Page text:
The waterfall is correctly passing down the cliff side without any large obstructions in its way, making it visually correct.

B. Objects Beside Cliffs:
When you have a objects beside a cliff, usually its side should be hidden. This is because that side would be behind the cliff, and therefore hidden from a player"s point of view.

Example Image Explanations:

As you can see in the image, the left side of the tree is “in front” of the cliff. But because it is a square behind the cliff front, it should be “behind” the cliff.

Here the tree side is correct “behind” the cliff and hidden from view.

This does not only refer to trees though, it can also refer to: foam on waterfalls, larger rocks, plants, etc. Overall larger objects.
C. Height Perspectives
One way to emphasize how high up something is, is by making the bottom look like everything has shrunk. It is all perception; things have not really shrunk, but you have just used really small trees and made a very skinny river and such. It is a little difficult to explain, but this image should be enough explanation.

See how I made the river look very skinny? This way it looked as if we were really on top of the clouds, and the river just looked small because we up at such a high height. Same goes for the trees.

Here are a couple more examples of perception provided by Dandy.
Such as how you can make the camera appear at a higher angle by making a high, mountainous map. Whereas a low one would just be plain flat.
as an example;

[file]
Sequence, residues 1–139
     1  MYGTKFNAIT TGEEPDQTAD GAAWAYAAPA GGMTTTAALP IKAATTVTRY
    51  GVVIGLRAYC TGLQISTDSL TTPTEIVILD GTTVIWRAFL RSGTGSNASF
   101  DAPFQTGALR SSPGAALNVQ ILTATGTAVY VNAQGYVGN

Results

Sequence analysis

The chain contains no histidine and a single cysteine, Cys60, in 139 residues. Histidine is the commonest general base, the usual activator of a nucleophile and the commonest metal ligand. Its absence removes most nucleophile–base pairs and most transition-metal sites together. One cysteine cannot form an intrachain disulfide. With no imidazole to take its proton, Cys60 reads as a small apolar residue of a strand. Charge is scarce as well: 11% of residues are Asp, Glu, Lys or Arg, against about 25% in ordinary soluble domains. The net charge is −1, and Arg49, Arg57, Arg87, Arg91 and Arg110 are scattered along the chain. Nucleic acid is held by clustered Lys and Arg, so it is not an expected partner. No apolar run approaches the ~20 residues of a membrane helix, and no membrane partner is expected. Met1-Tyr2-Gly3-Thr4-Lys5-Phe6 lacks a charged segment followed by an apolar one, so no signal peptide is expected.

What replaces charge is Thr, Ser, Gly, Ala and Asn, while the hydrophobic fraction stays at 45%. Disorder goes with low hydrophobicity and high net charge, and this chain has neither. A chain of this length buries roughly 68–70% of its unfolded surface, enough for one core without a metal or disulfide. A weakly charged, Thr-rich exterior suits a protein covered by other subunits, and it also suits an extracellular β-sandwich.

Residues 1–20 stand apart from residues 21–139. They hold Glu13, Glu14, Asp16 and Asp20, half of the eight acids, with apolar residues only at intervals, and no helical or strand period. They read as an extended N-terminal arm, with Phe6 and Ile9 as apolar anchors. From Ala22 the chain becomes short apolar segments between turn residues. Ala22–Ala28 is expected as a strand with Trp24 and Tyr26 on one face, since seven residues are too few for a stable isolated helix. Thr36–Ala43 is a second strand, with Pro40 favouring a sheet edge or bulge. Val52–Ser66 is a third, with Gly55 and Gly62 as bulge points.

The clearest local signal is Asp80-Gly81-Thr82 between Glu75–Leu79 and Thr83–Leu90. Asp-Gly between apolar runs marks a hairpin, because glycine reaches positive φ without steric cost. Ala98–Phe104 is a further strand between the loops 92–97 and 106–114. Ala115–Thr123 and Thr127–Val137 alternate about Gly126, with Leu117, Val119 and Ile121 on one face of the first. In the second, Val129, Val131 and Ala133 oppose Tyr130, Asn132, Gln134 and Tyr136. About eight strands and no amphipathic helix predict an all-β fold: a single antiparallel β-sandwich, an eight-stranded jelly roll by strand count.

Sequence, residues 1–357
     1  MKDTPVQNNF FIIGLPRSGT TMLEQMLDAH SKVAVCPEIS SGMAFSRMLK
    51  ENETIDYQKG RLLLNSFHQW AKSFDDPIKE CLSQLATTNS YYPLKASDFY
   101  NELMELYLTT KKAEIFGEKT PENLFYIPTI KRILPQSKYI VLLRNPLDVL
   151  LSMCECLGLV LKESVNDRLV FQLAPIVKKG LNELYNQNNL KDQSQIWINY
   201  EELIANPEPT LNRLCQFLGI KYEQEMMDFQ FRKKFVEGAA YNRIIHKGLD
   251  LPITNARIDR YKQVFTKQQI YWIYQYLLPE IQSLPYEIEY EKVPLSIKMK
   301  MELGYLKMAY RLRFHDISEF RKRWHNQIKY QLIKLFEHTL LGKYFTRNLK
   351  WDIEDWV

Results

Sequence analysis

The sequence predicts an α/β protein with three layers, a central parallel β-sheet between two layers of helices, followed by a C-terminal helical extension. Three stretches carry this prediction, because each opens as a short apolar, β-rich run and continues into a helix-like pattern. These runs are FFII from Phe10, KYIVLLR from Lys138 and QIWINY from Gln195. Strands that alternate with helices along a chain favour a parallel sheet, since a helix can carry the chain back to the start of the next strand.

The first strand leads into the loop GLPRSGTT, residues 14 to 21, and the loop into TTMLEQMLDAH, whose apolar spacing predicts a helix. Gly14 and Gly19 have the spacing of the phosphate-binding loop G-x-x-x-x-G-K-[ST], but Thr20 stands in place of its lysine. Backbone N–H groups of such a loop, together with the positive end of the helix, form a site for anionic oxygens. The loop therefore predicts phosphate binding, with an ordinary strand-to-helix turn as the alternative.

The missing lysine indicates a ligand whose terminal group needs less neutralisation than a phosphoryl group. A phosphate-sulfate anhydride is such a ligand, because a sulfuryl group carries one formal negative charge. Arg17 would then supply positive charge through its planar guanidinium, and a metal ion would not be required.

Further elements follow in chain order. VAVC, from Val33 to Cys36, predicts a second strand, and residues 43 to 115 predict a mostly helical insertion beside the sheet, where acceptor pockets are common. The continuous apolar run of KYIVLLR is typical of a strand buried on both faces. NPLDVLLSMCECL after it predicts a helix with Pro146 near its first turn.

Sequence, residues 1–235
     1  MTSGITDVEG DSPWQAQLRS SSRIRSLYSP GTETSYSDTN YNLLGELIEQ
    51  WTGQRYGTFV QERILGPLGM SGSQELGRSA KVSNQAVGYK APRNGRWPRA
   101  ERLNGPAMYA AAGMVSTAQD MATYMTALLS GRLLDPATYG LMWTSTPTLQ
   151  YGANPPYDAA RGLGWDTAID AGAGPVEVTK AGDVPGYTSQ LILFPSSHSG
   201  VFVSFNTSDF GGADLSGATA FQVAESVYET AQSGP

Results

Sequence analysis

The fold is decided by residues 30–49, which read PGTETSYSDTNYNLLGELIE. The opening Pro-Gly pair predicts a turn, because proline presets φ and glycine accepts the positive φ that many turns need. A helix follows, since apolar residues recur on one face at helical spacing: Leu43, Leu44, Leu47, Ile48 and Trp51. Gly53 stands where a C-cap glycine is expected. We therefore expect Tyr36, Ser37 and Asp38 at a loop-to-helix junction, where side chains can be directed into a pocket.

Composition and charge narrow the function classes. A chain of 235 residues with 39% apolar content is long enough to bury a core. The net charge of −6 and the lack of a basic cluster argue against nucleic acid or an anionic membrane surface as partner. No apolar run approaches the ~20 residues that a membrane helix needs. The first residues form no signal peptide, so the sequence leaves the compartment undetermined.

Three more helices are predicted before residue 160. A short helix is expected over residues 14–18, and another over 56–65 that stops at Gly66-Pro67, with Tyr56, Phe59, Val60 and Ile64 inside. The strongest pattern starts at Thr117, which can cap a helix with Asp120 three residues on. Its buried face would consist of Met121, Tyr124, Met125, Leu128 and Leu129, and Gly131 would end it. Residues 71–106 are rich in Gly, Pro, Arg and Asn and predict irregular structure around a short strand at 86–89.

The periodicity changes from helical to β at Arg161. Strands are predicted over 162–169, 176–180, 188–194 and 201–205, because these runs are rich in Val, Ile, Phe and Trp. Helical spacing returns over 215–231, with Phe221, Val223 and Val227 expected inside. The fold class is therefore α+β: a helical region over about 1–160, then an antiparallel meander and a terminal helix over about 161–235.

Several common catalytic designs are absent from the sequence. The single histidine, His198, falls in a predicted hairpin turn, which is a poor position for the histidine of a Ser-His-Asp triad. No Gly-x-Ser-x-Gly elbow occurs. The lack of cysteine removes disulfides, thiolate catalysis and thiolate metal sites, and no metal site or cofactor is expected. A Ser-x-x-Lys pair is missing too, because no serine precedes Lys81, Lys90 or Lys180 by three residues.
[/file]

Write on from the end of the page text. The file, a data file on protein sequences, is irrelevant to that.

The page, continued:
[spoilerHigh Perspective:2lugev9w]

[/details][spoilerLower Perspective:2lugev9w]

D. Perspective View
Hight perspective is not the only way to manipulate perception. Another interesting one is distance perception.

Here is a perspective view created by Riche:


[/details] By using the variations in the sizes of the trees, one is able able to create effect of looking further and further into the distance. Also the river getting skinnier as it goes further up the map add to the effect.
E. Shadows
Shadows are a tough addition to any house. When adding shadows to a house, you must look first at the source of light. When adding shadows, looking at real life shadows for examples can help a lot to determine how large they should be and which direction they should go.
For example, if the light source is all the way to the right, low in the sky, then the shadows will be long and going to the left.

Example Image Explanation:

On the right side of this image, you can see some shadow examples, though they are not very well done.


VII. Biomes

 [i]A. Mountainous[/i] 

Please check Section VIII for the guide to making a mountain-like map, as they are one of the most complex types to make.

–other biomes to be added later–



Personally, cliffs are my absolute favorite part of mapping, but sadly, they are the most commonly messed up thing.
By themselves, they are pretty simple, but when you begin to complicate things and make them more intricate, that is when things begin to look ugly.

When making cliffs, try to add some shape and form to them! When you look into nature, you do not see many square cliffs. You can apply to anything in your map really, square things are usually a big no no. Not only does it make your map seem more realistic but it makes it more interesting as well!
A. Height Consistency
The height of a cliff, (number of tiles high), must be consistent throughout that section.

Example Image Explanations:

Because it changes to 2 or 3 in the middle of the cliff, the height is not consistent, making the cliffs wrong.